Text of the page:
Let’s start with Pale Cocoon.
In the vague and distant future, mankind no longer inhabits Mother Earth’s fertile green fields nor her calm blue seas. Those bucolic vistas of days long gone exist now only in corrupted data archives.
Ura obsesses over the past, littering his abode with pictures culled from his work. He and Riko spend their days recovering and analyzing these archives, but Riko, like many others in the same field of work, is slowly losing her resolve. Her task feels utterly futile. As much as they try to understand history, as Ura puts it, Riko counters that it’s all just a fanciful dream. Their existence is one of towering claustrophobic towers in sterile, metallic tones. They wake up everyday to to the lonely glows of their computer screens and the unceasing hum of machinery around them. What good is history anymore when the lesson being taught is no longer applicable? Why learn to protect nature when it has already been destroyed?
Pale Cocoon is barely over twenty minutes long and thus feels rather incomplete. The messages are rather kind of cliché, which isn’t necessarily a problem, but Pale Cocoon doesn’t deconstruct them in any meaningful way. The anime poses big questions but then goes through the motions in trying to convey meaningful answers. If we aren’t careful, we’ll ruin this wonderful world we live on… well, that’s a nice lesson, but it’s also nothing new and has been explored on a much deeper and nuanced level in other anime (e.g. Mononoke Hime). On the other hand, Pale Cocoon does raise a question that most people don’t quite have a satisfactory answer to: why study history?
For Ura and Riko, what good is it to see mankind’s folly when there’s nothing left to save? The ending to Pale Cocoon seems rushed, however, and the twist at the end feels rather cheap, like something straight out of The Planet of the Apes.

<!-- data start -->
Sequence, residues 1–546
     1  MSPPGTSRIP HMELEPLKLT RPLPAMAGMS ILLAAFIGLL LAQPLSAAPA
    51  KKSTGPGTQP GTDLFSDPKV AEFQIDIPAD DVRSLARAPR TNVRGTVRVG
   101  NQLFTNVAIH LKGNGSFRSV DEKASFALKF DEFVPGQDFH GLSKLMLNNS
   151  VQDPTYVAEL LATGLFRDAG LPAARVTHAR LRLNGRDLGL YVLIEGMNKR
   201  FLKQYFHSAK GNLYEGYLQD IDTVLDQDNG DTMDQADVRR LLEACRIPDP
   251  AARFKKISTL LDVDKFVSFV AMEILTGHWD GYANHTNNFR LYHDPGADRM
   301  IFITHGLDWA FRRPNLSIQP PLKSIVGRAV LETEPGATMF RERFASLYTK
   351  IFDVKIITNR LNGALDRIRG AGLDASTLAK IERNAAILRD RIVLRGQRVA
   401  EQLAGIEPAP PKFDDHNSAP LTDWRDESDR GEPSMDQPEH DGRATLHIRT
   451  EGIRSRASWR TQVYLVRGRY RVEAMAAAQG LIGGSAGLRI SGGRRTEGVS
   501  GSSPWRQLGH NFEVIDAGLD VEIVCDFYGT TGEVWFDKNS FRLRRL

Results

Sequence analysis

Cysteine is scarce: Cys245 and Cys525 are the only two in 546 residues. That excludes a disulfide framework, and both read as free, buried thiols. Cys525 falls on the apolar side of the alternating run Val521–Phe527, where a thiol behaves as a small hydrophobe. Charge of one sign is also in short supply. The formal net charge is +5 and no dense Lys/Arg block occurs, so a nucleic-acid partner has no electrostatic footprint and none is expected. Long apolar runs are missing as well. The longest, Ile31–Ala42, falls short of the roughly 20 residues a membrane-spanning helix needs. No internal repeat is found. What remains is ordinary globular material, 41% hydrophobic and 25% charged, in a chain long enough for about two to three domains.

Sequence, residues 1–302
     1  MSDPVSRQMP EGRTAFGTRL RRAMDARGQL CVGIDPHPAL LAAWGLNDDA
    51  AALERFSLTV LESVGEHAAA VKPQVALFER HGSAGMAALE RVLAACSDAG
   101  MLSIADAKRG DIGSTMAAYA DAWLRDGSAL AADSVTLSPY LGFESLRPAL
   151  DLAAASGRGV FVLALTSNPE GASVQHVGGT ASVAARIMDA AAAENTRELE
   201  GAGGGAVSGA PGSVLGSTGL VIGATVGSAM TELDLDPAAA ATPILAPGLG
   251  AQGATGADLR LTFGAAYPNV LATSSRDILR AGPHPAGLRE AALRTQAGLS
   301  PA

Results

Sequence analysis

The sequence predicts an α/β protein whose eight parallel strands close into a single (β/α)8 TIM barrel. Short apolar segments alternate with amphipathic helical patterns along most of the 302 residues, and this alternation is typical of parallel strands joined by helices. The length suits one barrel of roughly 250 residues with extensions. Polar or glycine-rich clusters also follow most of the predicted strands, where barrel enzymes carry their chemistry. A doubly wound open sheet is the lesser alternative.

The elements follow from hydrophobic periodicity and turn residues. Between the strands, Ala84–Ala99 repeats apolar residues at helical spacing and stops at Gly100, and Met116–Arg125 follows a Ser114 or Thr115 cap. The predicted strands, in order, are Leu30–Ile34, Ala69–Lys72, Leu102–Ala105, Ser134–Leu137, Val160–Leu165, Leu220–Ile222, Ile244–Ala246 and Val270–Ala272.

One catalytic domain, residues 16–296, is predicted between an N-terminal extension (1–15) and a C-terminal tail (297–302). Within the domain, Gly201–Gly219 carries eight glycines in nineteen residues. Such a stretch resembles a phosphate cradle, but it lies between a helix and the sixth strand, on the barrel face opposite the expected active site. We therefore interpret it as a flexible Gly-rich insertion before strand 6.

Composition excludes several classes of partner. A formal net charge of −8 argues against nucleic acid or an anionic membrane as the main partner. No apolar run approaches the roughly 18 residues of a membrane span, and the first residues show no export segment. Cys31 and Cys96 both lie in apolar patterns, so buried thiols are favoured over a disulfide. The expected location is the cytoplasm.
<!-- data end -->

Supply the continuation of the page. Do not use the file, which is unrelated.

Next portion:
The short story tells us that studying history will give us new perspectives on our existence, which is true, but it feels elementary* somehow. Of course, the length of the treatment leaves very little room for anything to be adequately explored, but it’s disappointing nonetheless. Pale Cocoon joins the pile of sci-fi stories, anime and otherwise, with interesting premises that all eventually fizzle out. It reminded me of how exciting the first few episodes of Ergo Proxy were only for the rest of the series to degenerate into a ridiculous shounen fighting show.
*Years ago, this same question was posed in a Western Civilization course I was taking. The answers given then were equally disappointing, especially when you consider that they came from college students, the self-proclaimed future leaders of the world.
I didn’t know there was any hype for this so, as a result, I don’t really quite understand the disappointment with it. I just think it’s not very good. In some alternate universe, strange behemoths show up and, fittingly for anime, they’re controlled by kids with cow licks. After 27 minutes of Cencoroll, I think it’s natural to come away with a ton of questions. What are these behemoths and where do they come from? Have they ever terrorized mankind before to justify all the civil and military response? Why and how are they controllable by kids?